What can we as individuals do to stop the blame game?


We start by "going back " ...

We go back to a time where parents were expected to be responsible for their children , We go back to a time when parents were ALLOWED parent without interference .. We go back to a time when ,as TehMa says responsibility with consequences , or consequences for lack thereof...

We go back to a time where everything isn't so offensive because "we" don't like it .. We go back to a time where "we" don't expect the government to fix or provide EVERYTHING "we" think is broken or deserve....We go back to a time where things were earned and respected

We go back to a time where the wasn't a "therapist" for everything , including animal whispers ..We go back to a time where "therapy" was provided by family elders .


Bravo! :clapping:
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Re: The blame game

Postby coffeeFreak » Nov 19th, 2017, 5:23 pm

liisgo wrote:
coffeeFreak wrote:This is a great quote that really makes a person think about the prevalence of "the passive construction" of language that removes responsibility from the doer.

we talk about sex assault.jpg


Even worse are the people like this that wrote this. Trying so desperately to establish that its only men and boys that are the bad people out there. Wake up, women do all the same horrible things that you only want to label men with. Why post this? why try so hard?



liisgo: Please read my quote that you copied into your post without the defensiveness. The point I was trying to make was, our language is riddled with comments that removes the responsibility from the perpetrator, thus removing responsibility of the action (whatever that action may be). Comments such as, a bank was robbed, a man was shot, a dog was kicked, are all in a passive voice, which means the subject of the sentence has an action done to it by someone or something else, rather than the doer (man or woman) of the action being named and held accountable.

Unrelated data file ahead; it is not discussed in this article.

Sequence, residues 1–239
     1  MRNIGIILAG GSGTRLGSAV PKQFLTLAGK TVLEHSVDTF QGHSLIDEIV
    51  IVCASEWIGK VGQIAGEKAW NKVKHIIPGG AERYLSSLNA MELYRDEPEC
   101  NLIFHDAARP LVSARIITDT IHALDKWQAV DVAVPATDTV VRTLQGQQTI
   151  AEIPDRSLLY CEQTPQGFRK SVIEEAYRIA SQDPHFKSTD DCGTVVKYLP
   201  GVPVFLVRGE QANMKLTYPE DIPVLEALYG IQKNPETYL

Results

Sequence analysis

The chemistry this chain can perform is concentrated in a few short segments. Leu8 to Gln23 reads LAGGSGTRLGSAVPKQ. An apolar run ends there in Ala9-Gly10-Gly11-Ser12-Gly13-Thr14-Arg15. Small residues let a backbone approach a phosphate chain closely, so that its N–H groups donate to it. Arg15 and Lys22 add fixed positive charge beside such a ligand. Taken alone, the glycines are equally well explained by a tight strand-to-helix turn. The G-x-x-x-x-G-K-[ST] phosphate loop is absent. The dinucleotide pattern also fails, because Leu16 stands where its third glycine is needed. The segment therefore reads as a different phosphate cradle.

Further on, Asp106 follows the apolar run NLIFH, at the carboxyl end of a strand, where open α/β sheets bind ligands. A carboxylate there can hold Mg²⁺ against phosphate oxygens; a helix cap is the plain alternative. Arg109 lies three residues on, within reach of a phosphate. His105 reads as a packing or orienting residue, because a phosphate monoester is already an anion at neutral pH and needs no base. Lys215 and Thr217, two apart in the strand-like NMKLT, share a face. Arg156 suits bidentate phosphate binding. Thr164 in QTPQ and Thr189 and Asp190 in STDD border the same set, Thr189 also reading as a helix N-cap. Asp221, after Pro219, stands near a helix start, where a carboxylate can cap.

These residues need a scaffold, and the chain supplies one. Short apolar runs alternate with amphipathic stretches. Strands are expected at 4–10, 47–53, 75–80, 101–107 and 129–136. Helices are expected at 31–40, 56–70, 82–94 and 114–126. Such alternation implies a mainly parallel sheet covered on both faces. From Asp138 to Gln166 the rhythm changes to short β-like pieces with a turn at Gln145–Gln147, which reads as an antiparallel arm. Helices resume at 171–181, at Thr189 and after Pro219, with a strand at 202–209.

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Re: The blame game

Postby youjustcomplain » Nov 20th, 2017, 11:49 am

Lady tehMa wrote:We teach our children responsibililty, with consequences.

There is a gap now, where the bulk have dropped parenting in favour of being "friends" with their kids. There are no consequences, nothing is their fault. There is no responsibility.

And now, how do we teach them at this late in the game to have responsibility? No one actually wants it, it is a burden. Much easier to walk away and let someone else clean up their mess - after all that is how their parents operated.

We are in the decline of civilization.


You're continuing the blame game though. Your second line has you blaming parents. Then you go on to blame individuals for not wanting responsibility. I just find it interesting that the blame game thread has people replying with blame.

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Re: The blame game

Postby Omnitheo » Nov 20th, 2017, 5:18 pm

People are fallible. Always have been, always will be. The difference is now people have a voice, and can spread it. Before people had a place. Serfs, farming for their lord. Members of a caste system with no avenue to challenge the way of things.

This is different now. But also thanks to our new capitalistic society, fueled with science of psychology, we live in a world where we can be prayed upon by business, advertising, etc. Companies, politicians, cults have found dramatically more efficient and effective ways to take advantage of the fallibility of people.

The fact is people just aren’t as unique and individualistic or intelligent as they believe themselves to be. Every day you are subject to subliminal messaging, down to the colours used in fast food advertising, to manipulate you. And it works.

People will make mistakes, as we do. But society can help mitigate them. Take roads for instance. People can drive off roads. A poorly engineered road increases the chances of this. Sure you could say it’s the drivers fault for not being more careful, but we can also understand that a sharp corner on a cliff side with poor lighting doesn’t particularly help compensate for human error. So we engineer roads better. Better signage. Better gradients, curves in the road that slant to aid in turning.

It’s important to recognize where we as humans have weakness, failings, and to do something to compensate for those, instead of take advantage of them.